A Gentleman now living, who derives himself from an Ancient Family in Staffordshire of that Name. His Politer Knowledge he owes to Dublin Colledge, from whence being returned to England, his first Applications were to the Law. But Mr. Congreve was of too delicate a Taste, had a Wit of too fine a turn, to be long pleas'd with that crabbed, unpalatable Study; in which the laborious dull plodding Fellow, generally excells the more sprightly and vivacious Wit; for the Law is something like Preferment at Court, won by Assurance and Assiduity; this concurring with his Natural Inclinations to Poetry, diverted him from the Bar to the declining Stage, which then stood in need of such a Support; and from whence the Town justly receiv'd him as Rome's other Hope.
Rouchfoucault truly observes, the Merit alone will never make a Heroe, without the friendly Assistance of Fortune; and therefore Mr. Congreve must be said to be as much oblig'd to her for his Success, as to Nature for his Wit, which truly deserv'd it, and of which all those that read his Plays, must allow him a more than ordinary Share. And indeed he took the most certain way to make sure of Fortune, by the Intimacy he contracted with the most active part of the establish'd and receiv'd Wits and Poets of the Age, before he ventur'd his Reputation to the Publick. For as a celebrated French Writer has observ'd, an Author should never expect to raise his Fame in the World, from an unknown State, by the Single Force of his own Genius, and without the Help and Concurrence of the Men of Wit, that have an Influence over the Opinion of the World in things of that Nature. But then on the other side, it must be confess'd, that his Merit was certainly of more than ordinary Power, to oblige them to forget their habitual Ill-Nature; and criminal Emulation or Jealousy (to give it no worse Name) of all those, whom they have any Cause to fear, will once prove any considerable Rivals in their Fickle Mistress, Fame. Mr. Congreve has already given us Four Plays, of which in their Alphabetical Order.
The Double Dealer, a Comedy, Acted at the Theatre Royal by their Majesties Servants, 1694. 4to. and Dedicated to the Right Honourable Charles Montague, Esq. one of the Lords of the Treasury. This Play not meeting with that Success as was expected, the Author, as Poets are generally apt to do, engages a little too violently in a Defence of his Comedy. The Character of Mask-well I take to be an Image of Vernish in The Plain Dealer.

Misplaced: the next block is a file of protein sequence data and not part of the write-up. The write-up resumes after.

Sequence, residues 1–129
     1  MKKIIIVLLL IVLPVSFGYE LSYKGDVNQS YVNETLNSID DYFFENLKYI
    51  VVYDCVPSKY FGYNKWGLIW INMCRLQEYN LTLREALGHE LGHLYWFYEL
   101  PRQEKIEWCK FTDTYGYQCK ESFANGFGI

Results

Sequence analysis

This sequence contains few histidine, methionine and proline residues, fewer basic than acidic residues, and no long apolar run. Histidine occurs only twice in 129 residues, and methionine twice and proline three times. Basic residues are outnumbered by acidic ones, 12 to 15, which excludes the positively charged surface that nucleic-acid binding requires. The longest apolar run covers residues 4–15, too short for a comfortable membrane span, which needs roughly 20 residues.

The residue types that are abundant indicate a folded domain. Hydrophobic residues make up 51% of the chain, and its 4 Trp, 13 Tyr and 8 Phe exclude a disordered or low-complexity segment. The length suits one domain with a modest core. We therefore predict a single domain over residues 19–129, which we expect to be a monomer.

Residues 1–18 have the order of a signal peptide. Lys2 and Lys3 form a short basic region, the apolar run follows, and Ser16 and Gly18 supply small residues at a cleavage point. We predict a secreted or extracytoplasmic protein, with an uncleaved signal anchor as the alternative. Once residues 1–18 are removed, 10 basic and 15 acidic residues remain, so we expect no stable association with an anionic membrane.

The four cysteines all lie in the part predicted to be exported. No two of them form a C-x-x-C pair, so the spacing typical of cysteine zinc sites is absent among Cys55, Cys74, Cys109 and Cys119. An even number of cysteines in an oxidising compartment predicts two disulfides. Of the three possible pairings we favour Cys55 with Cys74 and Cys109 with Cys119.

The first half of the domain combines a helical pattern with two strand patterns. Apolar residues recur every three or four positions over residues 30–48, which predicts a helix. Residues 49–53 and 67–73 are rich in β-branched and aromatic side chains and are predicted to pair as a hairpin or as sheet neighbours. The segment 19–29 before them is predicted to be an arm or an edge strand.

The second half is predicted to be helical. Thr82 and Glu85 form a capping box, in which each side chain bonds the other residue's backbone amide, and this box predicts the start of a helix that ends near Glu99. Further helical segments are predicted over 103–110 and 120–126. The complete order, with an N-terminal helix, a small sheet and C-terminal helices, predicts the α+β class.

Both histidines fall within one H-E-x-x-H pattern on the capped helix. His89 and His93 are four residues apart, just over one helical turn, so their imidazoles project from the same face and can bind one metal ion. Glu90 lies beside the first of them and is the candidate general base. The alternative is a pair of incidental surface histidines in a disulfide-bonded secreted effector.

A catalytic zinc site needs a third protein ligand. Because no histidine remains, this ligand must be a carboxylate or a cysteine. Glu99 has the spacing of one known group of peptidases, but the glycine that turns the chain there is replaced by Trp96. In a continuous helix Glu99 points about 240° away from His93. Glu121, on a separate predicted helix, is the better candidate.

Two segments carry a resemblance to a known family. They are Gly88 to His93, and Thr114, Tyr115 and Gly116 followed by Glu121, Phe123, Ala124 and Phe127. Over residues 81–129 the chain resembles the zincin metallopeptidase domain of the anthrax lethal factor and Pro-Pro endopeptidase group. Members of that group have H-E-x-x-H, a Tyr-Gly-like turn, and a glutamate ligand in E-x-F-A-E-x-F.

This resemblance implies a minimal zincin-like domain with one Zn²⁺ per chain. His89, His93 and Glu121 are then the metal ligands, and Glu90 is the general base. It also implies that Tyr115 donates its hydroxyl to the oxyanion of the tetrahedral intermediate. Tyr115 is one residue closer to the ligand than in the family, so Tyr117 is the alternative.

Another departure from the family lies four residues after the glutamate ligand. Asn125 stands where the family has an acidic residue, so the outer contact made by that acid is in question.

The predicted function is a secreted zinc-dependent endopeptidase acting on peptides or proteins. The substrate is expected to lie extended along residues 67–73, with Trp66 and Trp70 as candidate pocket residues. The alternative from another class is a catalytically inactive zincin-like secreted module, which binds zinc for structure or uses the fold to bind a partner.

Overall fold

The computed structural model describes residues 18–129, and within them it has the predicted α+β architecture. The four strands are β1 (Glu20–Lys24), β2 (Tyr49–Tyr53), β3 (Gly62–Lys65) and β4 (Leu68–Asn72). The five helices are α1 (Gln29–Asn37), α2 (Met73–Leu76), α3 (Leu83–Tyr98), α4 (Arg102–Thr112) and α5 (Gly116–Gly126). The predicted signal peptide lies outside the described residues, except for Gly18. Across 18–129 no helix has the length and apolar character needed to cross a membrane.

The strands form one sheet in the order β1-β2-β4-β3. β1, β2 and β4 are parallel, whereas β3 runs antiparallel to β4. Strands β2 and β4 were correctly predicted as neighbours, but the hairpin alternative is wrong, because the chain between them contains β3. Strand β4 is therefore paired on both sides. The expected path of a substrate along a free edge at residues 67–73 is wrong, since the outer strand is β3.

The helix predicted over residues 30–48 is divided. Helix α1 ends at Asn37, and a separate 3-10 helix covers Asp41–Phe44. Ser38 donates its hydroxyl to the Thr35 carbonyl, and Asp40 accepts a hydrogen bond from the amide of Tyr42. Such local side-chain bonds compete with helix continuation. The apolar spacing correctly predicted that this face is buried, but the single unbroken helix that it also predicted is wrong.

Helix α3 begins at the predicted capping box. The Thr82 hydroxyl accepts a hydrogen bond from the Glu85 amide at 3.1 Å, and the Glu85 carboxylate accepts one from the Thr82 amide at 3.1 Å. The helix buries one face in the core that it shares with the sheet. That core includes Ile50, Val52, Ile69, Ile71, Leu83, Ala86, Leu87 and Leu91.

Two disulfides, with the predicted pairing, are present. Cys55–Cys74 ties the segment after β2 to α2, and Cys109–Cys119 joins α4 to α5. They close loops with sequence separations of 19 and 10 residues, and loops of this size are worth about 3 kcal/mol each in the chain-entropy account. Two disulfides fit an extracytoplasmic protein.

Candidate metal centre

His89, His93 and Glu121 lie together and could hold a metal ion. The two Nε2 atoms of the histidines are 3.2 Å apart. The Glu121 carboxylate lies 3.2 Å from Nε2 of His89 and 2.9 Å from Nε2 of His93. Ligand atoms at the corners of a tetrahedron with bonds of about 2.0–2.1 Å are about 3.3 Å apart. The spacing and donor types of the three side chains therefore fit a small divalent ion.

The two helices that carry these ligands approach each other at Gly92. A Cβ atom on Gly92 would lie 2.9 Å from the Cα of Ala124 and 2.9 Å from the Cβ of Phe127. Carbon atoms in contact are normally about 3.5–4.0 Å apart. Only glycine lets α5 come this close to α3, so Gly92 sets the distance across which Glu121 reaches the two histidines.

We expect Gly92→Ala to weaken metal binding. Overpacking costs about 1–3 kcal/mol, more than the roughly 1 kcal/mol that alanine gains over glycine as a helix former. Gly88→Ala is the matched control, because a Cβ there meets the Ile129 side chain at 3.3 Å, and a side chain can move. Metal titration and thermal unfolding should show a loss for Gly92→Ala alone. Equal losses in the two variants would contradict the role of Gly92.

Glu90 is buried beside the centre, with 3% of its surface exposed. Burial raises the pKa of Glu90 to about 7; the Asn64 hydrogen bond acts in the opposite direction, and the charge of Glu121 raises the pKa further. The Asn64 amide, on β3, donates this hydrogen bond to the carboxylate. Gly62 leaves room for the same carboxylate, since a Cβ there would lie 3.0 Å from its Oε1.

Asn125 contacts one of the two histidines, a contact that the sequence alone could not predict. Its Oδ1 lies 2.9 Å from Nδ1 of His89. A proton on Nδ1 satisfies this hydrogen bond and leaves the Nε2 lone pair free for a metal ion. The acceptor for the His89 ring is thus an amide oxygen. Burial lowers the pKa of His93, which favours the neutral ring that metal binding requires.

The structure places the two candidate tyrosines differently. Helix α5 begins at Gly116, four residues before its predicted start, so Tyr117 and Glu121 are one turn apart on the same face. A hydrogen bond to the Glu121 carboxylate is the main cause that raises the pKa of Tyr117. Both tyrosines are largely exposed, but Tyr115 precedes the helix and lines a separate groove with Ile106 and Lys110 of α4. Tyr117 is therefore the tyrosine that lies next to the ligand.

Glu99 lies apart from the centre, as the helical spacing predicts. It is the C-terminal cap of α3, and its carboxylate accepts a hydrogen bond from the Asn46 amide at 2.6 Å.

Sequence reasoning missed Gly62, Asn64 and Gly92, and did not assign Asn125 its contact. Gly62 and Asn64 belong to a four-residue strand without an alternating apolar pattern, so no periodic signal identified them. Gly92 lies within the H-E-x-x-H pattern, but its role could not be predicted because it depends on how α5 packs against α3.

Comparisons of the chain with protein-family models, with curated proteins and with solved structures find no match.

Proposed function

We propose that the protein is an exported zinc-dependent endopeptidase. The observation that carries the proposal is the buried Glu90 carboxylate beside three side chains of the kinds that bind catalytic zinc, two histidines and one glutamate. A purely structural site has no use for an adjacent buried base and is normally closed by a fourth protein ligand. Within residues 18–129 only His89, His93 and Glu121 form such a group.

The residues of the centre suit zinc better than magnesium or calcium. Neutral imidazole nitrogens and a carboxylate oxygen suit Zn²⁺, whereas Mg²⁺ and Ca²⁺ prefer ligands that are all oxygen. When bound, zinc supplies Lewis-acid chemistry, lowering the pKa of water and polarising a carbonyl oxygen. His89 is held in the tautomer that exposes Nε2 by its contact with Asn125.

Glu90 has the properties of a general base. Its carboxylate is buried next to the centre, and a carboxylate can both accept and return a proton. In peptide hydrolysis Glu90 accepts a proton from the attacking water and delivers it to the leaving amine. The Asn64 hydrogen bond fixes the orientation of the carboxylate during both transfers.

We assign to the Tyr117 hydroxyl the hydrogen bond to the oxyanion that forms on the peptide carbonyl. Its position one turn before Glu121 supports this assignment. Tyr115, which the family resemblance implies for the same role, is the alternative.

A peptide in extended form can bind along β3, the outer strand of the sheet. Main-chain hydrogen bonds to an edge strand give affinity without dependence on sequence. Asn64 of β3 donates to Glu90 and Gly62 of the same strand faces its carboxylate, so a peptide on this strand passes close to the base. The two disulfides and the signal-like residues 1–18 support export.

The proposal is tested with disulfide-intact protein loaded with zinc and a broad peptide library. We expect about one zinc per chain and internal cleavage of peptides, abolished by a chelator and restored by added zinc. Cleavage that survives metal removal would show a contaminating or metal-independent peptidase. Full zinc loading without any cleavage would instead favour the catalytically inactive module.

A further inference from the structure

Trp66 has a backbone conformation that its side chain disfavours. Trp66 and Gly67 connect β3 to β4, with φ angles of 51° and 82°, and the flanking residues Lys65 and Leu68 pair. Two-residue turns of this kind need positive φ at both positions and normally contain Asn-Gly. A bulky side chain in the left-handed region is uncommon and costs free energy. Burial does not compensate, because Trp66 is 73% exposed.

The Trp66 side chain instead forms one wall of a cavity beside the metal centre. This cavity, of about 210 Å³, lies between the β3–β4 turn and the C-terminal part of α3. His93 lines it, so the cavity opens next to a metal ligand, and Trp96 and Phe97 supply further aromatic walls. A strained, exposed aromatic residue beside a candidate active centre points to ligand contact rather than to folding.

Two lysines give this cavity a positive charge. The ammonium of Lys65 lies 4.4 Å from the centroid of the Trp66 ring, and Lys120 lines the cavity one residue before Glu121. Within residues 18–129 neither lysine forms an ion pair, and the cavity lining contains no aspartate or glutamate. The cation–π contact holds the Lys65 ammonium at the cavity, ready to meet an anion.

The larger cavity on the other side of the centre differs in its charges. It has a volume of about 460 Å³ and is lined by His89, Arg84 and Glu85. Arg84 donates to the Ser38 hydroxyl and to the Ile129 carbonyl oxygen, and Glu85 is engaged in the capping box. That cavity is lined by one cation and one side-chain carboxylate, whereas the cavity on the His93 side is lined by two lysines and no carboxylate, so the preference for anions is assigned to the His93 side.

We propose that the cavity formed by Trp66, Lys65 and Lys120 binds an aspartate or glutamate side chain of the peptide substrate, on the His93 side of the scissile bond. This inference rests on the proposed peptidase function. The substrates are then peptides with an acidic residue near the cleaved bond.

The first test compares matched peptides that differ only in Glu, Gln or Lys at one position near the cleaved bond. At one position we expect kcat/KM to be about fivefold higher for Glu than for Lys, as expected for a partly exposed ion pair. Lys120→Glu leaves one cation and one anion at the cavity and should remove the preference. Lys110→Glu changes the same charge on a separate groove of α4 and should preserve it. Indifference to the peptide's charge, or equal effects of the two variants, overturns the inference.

Love for Love, a Comedy, Acted at the Theatre in Little Lincolns-Inn-Fields, by his Majesty's Servants, 1695. 4to. and Dedicated to the Right Honourable Charles, Earl of Dorset and Middlesex. This Play, tho' a very good Comedy in it self, had this Advantage, that it was Acted at the Opening of the New House, when the Town was so prepossess'd in Favour of the very Actors, that before a Word was spoke, each Actor was Clapt for a considerable Time. And yet all this got it not more Applause than it really deserv'd: For there is abundance of Wit in it, and a great deal of diverting Humour. The Characters are justly distinguish'd, and the Manners well marked. Yet in the Plot he has not given himself the Pains of avoiding that so often repeated Improbability of Marrying in Masques and Disguises, which Mr. Tattle, nor Mrs. Frail had Sense enough to avoid, if we may judge by the rest of their Characters; yet it must be own'd, that he has much better prepar'd this Incident to gain it, at least some shew of Probability, than in the Old Batchelor, or than I have generally met with in other Plays. I leave the nicer Criticks to decide whether the unravelling of the Plot, and the Conduct of Angelica in it, be extreamly just or no: I shall only say it pleas'd, and that is a considerable Defence, whatever some may think to the contrary.